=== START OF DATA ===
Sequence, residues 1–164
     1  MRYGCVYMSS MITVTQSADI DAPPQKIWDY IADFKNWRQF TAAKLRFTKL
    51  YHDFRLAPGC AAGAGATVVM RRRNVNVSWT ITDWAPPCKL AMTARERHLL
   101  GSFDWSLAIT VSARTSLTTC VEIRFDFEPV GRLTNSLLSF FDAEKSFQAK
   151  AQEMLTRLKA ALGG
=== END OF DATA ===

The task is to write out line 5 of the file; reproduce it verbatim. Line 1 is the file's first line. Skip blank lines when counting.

   151  AQEMLTRLKA ALGG